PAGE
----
12. As against this a Division Bench of the Lahore High Court in E.I. Rly. Co. Ltd. v. Diana Mal Gulab Singh AIR 1925 Lah 255 observed as follows:
The 'deterioration' of a thing, whether it be in quality or in value, implies in ordinary parlance a change for the worse in the thing itself. If a thing is worthless than it was before only because the market rate has gone down it would be correct to say that it has depreciated in value, but not that it has deteriorated.
Having regard to the background and the setting in which the word 'deterioration' occurs in Section 76 of the new Act it seems to us that the Parliament intended that the word should be used in its ordinary parlance and in a restricted sense so as to include within its ambit the actual physical act of deterioration, i.e., the physical part of it namely, the change for the worse in the thing itself as very aptly put by Martineau, J., in the Lahore High Court judgment referred to above. We must seek to draw a clear distinction between a physical deterioration of a thing and depreciation in its value according to market price. These are two separate concepts having separate ingredients. The (words used in Section 76 of the new Act, namely, 'loss, destruction damages or deterioration' must be read as ejusdem generis so as to indicate the actual and physical loss or change in the goods contemplated by Section 76. In these circumstances, therefore, with due respect, we are unable to agree with the somewhat broad view taken by the Allahabad High Court and followed by the Orissa High Court in the cases referred to above. We, on the other hand, prefer to adopt the view taken by the Lahore High Court in the case referred to above. In this view of the matter, it is clear that the word 'deterioration' used in Section 76 referred to the physical and actual deterioration of the goods, which has admittedly not taken place in the present case. The plaintiff cannot take advantage of Section 76 relying on the word 'deterioration' because of the finding of negligence entered by the Courts below. The case of the plaintiff is clearly taken out of the ambit of Sections 76 and 78 and his suit for damages also cannot be defeated on the ground that it is barred by Section 76 or Section 78 of the new Act. We are, therefore, of the opinion that in view of the finding of fact arrived by the Courts below the plaintiff is undoubtedly entitled to damages.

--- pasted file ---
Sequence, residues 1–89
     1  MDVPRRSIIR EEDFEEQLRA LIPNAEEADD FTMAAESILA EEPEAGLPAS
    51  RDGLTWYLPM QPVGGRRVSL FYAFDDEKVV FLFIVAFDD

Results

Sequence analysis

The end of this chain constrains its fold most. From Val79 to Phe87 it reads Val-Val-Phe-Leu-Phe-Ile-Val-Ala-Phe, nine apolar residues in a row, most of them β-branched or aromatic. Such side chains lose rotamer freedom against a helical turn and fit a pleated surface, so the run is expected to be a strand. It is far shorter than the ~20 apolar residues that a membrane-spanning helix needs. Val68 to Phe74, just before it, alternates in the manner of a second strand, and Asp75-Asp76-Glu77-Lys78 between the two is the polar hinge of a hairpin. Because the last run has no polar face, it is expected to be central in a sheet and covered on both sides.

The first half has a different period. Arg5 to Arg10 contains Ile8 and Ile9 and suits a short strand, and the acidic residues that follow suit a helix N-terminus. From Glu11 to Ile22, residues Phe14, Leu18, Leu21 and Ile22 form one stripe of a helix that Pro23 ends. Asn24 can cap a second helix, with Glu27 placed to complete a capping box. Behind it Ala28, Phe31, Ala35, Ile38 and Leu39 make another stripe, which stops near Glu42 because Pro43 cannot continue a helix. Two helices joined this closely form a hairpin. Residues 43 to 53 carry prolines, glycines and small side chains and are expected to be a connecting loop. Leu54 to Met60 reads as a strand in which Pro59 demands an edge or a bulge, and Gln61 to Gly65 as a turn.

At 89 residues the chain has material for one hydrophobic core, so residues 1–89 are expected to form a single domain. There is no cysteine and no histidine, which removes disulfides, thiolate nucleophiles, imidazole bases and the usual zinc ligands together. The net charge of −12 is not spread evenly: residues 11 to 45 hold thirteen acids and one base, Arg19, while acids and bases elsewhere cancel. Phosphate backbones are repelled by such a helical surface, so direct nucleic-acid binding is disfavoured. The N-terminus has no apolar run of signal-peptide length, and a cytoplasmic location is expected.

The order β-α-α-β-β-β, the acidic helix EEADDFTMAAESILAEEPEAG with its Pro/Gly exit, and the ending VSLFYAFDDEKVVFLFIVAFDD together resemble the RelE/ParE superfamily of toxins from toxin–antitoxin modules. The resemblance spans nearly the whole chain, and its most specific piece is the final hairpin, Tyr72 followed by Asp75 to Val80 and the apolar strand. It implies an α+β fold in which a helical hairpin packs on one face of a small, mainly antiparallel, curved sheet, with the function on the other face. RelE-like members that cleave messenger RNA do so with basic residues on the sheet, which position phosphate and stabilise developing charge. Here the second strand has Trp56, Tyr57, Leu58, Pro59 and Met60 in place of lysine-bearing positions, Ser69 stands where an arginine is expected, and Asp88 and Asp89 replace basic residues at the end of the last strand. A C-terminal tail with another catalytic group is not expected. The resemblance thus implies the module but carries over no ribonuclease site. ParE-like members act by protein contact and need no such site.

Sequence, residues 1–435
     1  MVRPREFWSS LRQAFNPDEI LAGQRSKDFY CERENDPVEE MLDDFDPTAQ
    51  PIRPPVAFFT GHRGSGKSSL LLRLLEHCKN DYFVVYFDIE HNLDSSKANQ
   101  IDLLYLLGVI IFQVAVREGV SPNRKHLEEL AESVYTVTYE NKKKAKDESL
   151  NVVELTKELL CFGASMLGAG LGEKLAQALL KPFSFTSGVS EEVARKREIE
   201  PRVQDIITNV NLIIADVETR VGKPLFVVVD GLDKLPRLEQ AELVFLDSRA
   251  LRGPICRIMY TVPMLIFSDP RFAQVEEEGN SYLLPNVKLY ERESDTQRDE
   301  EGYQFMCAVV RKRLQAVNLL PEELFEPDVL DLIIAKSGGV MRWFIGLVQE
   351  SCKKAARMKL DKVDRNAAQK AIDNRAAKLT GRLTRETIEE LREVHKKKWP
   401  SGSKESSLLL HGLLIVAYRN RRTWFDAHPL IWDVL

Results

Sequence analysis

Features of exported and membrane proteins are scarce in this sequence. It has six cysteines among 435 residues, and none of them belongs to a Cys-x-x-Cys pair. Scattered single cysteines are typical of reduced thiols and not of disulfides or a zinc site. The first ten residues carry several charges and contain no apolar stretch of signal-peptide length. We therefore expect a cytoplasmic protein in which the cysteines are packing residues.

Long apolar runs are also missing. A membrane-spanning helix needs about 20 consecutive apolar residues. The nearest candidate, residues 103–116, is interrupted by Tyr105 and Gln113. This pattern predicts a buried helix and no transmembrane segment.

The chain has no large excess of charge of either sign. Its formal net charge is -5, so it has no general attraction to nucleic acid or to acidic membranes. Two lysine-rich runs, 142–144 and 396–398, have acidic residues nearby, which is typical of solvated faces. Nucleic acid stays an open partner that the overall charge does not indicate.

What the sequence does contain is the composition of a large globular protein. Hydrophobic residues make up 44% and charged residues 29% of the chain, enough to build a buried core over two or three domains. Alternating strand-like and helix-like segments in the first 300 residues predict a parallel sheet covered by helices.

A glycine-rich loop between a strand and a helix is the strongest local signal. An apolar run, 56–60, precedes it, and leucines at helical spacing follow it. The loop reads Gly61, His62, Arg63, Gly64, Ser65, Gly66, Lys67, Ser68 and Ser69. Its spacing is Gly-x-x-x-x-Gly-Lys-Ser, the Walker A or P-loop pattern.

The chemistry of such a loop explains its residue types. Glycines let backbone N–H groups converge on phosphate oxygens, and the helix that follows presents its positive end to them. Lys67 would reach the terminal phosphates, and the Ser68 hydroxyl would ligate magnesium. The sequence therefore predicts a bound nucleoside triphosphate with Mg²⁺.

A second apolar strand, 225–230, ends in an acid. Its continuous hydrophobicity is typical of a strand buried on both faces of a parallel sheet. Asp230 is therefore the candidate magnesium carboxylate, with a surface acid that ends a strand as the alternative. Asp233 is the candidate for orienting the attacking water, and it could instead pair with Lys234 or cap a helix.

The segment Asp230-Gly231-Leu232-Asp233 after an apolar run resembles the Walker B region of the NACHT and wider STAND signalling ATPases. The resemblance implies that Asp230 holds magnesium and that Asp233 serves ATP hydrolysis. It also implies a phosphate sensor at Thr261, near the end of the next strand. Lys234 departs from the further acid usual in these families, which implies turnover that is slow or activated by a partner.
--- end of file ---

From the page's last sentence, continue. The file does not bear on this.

13. This brings us to the second contention raised by the Solicitor-General, namely, that the plaintiff is not entitled to interest as damages for breach of the contract. It was submitted that what the plaintiff has done is to calculate interest at the rate of 12% which has been reduced to 6% per annum on the amount deposited by him in the Bank which remained locked up for more than six months and to claim the same as damages. It was contended that the plaintiff plainly could not do so in view of the Interest Act under which interest can only be charged before suit if so stipulated by the parties to the contract. It is common ground that in the present case the contract between the parties does not provide for charging any interest for breach of contract. The Solicitor-General relied on a decision of this Court in Union of India v. Watkins Mayor & Co. : AIR1966SC275 where this Court observed as follows:
Under the Interest Act, 1839, the Court may allow interest to the plaintiff if the amount claimed is a sum certain which is payable at a certain time by virtue of a written instrument. But it is conceded that the amount claimed in this case is not a sum certain but compensation for unliquidated amount. On behalf of the respondent it was submitted by Mr. Aggarwala that interest may be awarded under the Interest Act, which contains a provision that 'interest shall be payable in all cases in which it is now payable by law'. But this provision only applies to cases in which the Court of Equity exercises jurisdiction to allow interest.